Washington — A priest in Michigan is awaiting an August trial after being accused of embezzling more than $5 million from a parish in Okemos, in central Michigan, in the Diocese of Lansing.
Sign up for NCR's Copy Desk Daily, and we'll email you recommended news and opinion articles each weekday.
But it's unclear whether the Aug. 13 trial for Fr. Jonathan Wehrle will go ahead as planned, after his attorney in the criminal case said he "will be withdrawing," according to a July 18 report in the Lansing State Journal newspaper.
According to the newspaper, the announcement from Wehrle's attorney came after Michigan State Police said in a news release that investigators from its Special Investigation Section discovered more than $63,000 in cash stashed above the ceiling tiles of the basement of the priest's home during a July 17 search. The newspaper reported that police said the bundled cash authorities found had the words "For deposit only -- St. Martha Parish and School," the name of the parish where he served from 1988 until June 2017.
In a May 2017 statement, the diocese said the priest was "on administrative leave from his pastorate" but also said Wehrle submitted his retirement effective June 28, 2017. The Diocese of Lansing said in a July 25 call to Catholic News Service that it could not comment on the pending case.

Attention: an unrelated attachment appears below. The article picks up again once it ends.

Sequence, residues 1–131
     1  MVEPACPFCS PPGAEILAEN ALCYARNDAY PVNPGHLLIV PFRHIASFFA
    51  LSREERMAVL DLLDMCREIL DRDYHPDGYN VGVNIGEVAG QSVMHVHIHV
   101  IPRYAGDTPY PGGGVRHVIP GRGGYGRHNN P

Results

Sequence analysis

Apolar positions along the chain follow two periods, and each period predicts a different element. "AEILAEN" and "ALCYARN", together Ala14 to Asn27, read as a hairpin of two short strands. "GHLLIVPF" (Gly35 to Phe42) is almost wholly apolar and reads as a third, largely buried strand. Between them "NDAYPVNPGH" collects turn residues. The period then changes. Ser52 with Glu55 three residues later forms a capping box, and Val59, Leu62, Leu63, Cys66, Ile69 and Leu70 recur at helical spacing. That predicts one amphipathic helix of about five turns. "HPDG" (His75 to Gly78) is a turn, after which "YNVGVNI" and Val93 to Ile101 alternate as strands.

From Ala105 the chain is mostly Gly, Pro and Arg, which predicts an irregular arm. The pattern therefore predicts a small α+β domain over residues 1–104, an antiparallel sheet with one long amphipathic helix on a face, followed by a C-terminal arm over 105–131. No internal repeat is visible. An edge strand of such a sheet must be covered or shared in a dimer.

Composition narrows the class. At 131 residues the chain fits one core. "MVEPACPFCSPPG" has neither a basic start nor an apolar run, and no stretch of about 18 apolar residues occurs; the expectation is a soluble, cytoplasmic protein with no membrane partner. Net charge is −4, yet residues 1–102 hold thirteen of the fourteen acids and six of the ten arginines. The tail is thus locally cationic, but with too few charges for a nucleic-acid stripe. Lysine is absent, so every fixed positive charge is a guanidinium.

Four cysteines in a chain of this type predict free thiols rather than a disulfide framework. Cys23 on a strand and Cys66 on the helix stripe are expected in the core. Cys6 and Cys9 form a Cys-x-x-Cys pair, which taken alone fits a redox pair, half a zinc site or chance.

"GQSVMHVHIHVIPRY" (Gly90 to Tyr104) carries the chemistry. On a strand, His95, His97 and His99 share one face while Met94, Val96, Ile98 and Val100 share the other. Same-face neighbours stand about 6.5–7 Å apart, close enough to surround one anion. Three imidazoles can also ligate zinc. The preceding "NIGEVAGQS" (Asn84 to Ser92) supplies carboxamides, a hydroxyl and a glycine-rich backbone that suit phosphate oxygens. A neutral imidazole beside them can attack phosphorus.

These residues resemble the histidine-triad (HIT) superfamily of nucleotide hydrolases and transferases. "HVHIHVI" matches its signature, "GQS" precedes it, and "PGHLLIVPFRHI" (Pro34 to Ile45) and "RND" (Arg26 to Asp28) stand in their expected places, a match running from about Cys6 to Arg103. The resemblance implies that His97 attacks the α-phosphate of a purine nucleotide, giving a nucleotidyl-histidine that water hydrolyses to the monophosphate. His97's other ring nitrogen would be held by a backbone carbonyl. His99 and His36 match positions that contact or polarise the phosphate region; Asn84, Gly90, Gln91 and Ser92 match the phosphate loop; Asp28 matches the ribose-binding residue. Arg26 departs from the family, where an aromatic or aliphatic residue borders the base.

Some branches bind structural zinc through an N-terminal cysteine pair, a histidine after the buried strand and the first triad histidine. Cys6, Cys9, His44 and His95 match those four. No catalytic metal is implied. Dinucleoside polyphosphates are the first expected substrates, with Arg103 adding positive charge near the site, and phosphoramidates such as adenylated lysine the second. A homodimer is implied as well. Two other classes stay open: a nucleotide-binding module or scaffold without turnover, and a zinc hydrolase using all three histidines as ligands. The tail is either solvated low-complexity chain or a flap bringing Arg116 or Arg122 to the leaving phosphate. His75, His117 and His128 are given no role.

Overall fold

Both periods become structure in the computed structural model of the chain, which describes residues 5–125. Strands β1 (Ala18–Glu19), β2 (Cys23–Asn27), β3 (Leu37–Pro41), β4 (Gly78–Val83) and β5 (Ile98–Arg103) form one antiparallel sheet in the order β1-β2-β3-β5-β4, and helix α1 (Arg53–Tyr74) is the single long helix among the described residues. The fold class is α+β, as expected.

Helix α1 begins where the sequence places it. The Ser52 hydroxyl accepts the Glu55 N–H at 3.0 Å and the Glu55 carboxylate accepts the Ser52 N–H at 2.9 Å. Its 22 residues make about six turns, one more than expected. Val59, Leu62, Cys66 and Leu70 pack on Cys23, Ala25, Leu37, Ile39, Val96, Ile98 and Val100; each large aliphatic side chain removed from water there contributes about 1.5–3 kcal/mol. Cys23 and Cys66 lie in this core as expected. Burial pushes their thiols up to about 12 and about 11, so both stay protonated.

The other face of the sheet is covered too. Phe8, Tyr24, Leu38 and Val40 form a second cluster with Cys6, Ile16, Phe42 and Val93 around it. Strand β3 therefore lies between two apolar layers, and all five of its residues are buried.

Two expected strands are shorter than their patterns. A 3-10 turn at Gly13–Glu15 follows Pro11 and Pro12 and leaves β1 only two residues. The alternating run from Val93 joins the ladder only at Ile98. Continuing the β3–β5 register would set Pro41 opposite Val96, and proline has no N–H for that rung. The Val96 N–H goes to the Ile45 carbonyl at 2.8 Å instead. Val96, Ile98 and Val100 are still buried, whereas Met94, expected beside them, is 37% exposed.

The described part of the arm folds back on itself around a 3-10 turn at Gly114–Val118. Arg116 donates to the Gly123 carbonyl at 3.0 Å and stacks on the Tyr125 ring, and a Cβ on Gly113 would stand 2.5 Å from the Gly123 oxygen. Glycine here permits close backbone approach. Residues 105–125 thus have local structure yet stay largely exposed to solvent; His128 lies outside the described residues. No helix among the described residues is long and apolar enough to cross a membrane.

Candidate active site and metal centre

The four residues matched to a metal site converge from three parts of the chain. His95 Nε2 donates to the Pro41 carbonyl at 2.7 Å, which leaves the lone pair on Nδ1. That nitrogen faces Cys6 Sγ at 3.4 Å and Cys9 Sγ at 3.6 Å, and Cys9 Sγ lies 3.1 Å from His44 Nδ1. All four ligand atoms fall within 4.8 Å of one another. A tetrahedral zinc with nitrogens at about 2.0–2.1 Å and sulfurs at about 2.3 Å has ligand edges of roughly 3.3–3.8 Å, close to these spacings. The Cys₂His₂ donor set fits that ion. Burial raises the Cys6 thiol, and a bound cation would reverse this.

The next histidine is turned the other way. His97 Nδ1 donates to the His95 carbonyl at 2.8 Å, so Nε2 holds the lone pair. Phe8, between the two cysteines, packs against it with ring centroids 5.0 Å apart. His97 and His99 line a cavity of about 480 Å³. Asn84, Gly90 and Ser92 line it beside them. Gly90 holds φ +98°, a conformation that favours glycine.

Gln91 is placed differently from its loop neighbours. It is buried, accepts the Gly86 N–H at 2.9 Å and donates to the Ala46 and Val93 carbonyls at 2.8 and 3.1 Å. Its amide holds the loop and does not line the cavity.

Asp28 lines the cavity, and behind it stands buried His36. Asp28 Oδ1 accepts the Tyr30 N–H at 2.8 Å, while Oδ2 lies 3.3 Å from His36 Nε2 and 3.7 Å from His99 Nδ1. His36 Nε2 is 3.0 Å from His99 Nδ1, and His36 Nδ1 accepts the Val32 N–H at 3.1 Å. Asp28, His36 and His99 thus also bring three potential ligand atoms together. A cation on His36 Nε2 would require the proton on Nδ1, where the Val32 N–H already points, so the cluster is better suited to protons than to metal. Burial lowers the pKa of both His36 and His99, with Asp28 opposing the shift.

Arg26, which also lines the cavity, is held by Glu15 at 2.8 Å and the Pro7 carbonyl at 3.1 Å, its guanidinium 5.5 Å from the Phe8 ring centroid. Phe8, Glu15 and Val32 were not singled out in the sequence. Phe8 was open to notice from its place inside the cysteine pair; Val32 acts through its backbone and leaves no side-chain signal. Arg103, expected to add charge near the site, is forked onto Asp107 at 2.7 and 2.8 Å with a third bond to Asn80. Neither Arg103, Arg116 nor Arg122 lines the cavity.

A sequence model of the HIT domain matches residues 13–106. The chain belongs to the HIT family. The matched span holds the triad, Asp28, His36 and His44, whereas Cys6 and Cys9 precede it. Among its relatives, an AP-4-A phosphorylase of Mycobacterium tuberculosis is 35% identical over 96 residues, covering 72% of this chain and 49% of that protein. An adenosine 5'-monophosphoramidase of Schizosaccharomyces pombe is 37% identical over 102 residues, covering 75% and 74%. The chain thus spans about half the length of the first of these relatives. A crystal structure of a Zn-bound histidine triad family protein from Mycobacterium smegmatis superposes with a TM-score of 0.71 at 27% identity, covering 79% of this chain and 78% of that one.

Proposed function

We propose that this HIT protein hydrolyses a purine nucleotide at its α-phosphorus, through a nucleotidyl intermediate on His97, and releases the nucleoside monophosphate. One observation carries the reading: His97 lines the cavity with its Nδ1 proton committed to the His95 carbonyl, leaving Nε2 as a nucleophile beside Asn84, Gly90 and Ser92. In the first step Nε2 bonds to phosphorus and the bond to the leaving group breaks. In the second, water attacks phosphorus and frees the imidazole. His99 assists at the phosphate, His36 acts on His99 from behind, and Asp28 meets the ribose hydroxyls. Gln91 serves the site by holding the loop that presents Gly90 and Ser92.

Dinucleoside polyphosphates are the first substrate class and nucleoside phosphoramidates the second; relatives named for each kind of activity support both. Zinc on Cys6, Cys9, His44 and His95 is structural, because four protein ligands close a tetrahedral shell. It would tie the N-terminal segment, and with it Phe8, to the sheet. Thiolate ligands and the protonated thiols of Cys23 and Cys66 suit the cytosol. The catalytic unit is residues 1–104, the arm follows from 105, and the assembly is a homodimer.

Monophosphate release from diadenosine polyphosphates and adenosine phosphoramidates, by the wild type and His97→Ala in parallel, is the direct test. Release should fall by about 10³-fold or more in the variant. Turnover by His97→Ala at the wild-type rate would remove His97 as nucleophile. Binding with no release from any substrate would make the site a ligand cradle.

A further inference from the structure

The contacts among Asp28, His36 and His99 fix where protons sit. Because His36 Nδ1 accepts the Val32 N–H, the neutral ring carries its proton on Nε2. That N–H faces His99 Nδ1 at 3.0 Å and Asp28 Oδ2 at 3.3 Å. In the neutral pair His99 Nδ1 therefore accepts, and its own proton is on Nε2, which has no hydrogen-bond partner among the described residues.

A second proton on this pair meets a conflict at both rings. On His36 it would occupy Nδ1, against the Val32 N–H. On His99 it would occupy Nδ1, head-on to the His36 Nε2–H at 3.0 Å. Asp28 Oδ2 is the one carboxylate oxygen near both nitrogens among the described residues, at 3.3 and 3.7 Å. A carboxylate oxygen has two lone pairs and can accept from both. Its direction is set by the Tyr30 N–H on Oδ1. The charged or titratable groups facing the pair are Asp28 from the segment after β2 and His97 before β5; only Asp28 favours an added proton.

The priest faces six felony counts of embezzlement.
News stories on the case point to a "lavish" home the priest is said to have built, allegedly with money from the parish, according to police. In a March 19 story titled, "How a $42K-a-year priest built mansion worth millions," The Detroit News newspaper describes the home where the priest lived, as a "two-story, stone-facade house" with "eight bedrooms, 12 bathrooms, a library, wine cellar, indoor swimming pool and wood-paneled elevator. The 11,300-square-foot home boasts granite counter tops, limestone fireplaces, walnut hardwood floors, crystal chandeliers and stained-glass windows.
The publication said a contractor estimated the home's worth at $3 million to $4 million. It also pointed out that the priest, who had an affinity for construction, had earlier built another home with parish money and reimbursed the parish, but pointed out a discrepancy in the amount of the reimbursement, the mortgage, and what the home had sold for.
A Michigan-based group called Opus Bono that says it raises money to help priests in need has been trying to raise money for Wehrle's legal defense.
In addition to the criminal charges, the priest also is facing a civil lawsuit filed by Princeton Excess and Surplus Lines Insurance Corp., the insurance company for the diocese, which says it has paid "about $2.5 million to the diocese to cover its losses so far," according to an April 3 story in Insurance Journal.